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 The story begins a long time ago, when I first start to think about wood and woodworking, and I decided that I would have made 'something' out of wood. After a few days of thinking, I chose a clock for my first try. Obviously what i had in mind was to buy a clock mechanism and mount it on a wood support that I would have made. This is the origin of my first wood project and of my first clock.

Even tough I was in some way satisfied of the result, I had bought the mechanism and that was disturbing. It wasn't something I had wholly made all alone. So I started to think I could have build the wheels and all the mechanism, to have something that was entirelly made by myself. At this point came the problems: How do you build a clock? How do you design the teeth profile of the gears? What about the escapement? And how do you define the pendulum lenght?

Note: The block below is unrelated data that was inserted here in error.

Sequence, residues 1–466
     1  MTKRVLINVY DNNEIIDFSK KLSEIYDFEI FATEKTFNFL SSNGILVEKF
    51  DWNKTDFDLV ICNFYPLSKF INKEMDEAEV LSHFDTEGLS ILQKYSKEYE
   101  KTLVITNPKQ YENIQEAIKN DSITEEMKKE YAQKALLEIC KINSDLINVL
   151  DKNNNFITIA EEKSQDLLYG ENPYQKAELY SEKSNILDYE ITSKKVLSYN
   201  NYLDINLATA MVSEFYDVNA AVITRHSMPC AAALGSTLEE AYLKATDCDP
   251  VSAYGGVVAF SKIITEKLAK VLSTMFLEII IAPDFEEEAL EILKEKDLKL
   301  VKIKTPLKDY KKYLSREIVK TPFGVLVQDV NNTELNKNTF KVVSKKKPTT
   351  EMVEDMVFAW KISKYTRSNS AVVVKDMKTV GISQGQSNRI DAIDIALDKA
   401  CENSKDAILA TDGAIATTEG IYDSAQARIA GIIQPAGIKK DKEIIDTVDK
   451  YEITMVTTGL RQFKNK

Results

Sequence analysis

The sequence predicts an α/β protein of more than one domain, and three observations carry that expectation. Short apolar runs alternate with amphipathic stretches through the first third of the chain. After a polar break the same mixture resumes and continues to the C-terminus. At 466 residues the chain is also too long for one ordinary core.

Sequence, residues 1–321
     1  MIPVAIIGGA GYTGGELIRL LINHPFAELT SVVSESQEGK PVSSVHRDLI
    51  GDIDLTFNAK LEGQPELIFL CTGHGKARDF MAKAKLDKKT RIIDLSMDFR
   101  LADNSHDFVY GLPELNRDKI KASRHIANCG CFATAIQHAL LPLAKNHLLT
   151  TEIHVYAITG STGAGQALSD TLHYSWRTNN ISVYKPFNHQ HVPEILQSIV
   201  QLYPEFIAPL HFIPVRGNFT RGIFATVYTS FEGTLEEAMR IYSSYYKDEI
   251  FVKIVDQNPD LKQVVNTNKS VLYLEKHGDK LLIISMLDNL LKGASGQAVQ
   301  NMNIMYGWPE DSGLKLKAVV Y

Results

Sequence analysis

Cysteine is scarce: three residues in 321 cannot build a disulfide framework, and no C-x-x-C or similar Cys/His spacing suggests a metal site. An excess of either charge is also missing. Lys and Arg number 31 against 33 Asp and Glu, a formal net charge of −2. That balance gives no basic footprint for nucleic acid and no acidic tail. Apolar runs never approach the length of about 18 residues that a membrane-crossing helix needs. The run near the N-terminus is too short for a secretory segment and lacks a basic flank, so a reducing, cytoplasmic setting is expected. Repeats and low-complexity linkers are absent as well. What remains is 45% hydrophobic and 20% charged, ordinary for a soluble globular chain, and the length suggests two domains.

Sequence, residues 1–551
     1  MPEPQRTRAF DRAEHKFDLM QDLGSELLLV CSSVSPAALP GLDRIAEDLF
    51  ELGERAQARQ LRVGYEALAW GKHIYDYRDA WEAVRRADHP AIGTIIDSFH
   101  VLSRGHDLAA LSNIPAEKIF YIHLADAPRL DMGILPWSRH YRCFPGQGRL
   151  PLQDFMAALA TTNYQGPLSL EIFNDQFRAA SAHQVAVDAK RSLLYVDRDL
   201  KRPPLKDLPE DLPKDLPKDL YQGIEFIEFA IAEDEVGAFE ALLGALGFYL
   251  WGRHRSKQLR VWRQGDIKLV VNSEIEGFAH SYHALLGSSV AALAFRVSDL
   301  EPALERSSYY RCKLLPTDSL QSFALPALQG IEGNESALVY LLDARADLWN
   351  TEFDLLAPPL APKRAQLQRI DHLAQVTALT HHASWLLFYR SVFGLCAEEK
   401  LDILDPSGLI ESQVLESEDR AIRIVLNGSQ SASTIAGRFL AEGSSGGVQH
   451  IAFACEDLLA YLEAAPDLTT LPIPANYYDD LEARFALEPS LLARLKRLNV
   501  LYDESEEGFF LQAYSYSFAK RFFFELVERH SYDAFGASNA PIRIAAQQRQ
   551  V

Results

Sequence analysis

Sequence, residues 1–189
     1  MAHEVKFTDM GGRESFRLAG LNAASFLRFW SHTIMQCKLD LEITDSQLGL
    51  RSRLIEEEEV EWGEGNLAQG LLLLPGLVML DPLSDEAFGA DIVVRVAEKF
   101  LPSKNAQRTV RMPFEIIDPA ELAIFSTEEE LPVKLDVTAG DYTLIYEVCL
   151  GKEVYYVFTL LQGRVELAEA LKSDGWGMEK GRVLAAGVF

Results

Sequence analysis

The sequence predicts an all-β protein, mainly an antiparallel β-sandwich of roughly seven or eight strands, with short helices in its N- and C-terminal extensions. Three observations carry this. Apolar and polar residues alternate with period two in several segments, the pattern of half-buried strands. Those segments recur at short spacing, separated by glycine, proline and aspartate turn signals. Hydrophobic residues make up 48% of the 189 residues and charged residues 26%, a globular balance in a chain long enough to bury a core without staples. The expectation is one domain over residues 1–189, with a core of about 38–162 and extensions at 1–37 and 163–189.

Thanks to the net, I found a lot of interesting documents that helped me in the process of designing a working clock. For instance  http://www.ul.ie/~nolk/gears.htm  where you can find helpful information on gears, or  Mark Headrick  site, where you can find wonderful animation of various escapent systems. When I was in the designing phase, I found Clayton Boyer site. In some way his works descouraged me, knowing that I was a long way to obtain results like those, but on the other way that gave me the will to try hard to design my own clock.

Fortunately, my job gave me the right instruments to design and verify all the mechanism (I am a sunglasses designer and so I have a great familiarity with 3D design software) . Thanks to computer technology I spared myself a lot of time on trials on different escapement systems and gears, because I tested them on my computer.

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